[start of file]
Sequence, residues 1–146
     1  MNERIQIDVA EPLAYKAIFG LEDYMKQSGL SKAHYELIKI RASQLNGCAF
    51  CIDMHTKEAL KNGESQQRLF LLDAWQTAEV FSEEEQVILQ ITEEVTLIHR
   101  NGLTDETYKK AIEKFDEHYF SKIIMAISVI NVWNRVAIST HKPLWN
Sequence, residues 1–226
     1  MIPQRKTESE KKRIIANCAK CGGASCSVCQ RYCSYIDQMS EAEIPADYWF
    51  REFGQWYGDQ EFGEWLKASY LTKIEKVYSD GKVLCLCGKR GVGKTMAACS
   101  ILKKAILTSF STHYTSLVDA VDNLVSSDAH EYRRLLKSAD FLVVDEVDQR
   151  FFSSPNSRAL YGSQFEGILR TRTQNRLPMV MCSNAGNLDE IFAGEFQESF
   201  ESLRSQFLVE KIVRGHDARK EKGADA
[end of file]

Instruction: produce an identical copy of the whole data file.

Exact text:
Sequence, residues 1–146
     1  MNERIQIDVA EPLAYKAIFG LEDYMKQSGL SKAHYELIKI RASQLNGCAF
    51  CIDMHTKEAL KNGESQQRLF LLDAWQTAEV FSEEEQVILQ ITEEVTLIHR
   101  NGLTDETYKK AIEKFDEHYF SKIIMAISVI NVWNRVAIST HKPLWN
Sequence, residues 1–226
     1  MIPQRKTESE KKRIIANCAK CGGASCSVCQ RYCSYIDQMS EAEIPADYWF
    51  REFGQWYGDQ EFGEWLKASY LTKIEKVYSD GKVLCLCGKR GVGKTMAACS
   101  ILKKAILTSF STHYTSLVDA VDNLVSSDAH EYRRLLKSAD FLVVDEVDQR
   151  FFSSPNSRAL YGSQFEGILR TRTQNRLPMV MCSNAGNLDE IFAGEFQESF
   201  ESLRSQFLVE KIVRGHDARK EKGADA